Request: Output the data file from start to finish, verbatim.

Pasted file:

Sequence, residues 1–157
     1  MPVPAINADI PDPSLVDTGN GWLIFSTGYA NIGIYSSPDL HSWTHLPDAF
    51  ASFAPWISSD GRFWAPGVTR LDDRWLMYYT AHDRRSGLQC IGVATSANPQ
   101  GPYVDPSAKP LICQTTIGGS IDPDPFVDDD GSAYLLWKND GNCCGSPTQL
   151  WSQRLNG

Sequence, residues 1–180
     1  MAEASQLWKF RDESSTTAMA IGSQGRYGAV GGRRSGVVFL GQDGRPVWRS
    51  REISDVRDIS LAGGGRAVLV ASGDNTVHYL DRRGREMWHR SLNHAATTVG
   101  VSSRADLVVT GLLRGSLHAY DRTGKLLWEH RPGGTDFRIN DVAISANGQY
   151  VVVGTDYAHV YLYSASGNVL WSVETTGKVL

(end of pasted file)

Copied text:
Sequence, residues 1–157
     1  MPVPAINADI PDPSLVDTGN GWLIFSTGYA NIGIYSSPDL HSWTHLPDAF
    51  ASFAPWISSD GRFWAPGVTR LDDRWLMYYT AHDRRSGLQC IGVATSANPQ
   101  GPYVDPSAKP LICQTTIGGS IDPDPFVDDD GSAYLLWKND GNCCGSPTQL
   151  WSQRLNG

Sequence, residues 1–180
     1  MAEASQLWKF RDESSTTAMA IGSQGRYGAV GGRRSGVVFL GQDGRPVWRS
    51  REISDVRDIS LAGGGRAVLV ASGDNTVHYL DRRGREMWHR SLNHAATTVG
   101  VSSRADLVVT GLLRGSLHAY DRTGKLLWEH RPGGTDFRIN DVAISANGQY
   151  VVVGTDYAHV YLYSASGNVL WSVETTGKVL